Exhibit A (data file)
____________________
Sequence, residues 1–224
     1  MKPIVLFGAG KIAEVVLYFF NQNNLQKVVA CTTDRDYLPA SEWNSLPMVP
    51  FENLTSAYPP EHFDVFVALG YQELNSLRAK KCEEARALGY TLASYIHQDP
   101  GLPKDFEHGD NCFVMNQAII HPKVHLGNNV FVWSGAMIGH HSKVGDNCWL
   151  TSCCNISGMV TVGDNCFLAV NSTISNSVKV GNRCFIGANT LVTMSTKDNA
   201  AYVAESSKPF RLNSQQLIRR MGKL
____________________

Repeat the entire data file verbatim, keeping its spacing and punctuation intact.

Sequence, residues 1–224
     1  MKPIVLFGAG KIAEVVLYFF NQNNLQKVVA CTTDRDYLPA SEWNSLPMVP
    51  FENLTSAYPP EHFDVFVALG YQELNSLRAK KCEEARALGY TLASYIHQDP
   101  GLPKDFEHGD NCFVMNQAII HPKVHLGNNV FVWSGAMIGH HSKVGDNCWL
   151  TSCCNISGMV TVGDNCFLAV NSTISNSVKV GNRCFIGANT LVTMSTKDNA
   201  AYVAESSKPF RLNSQQLIRR MGKL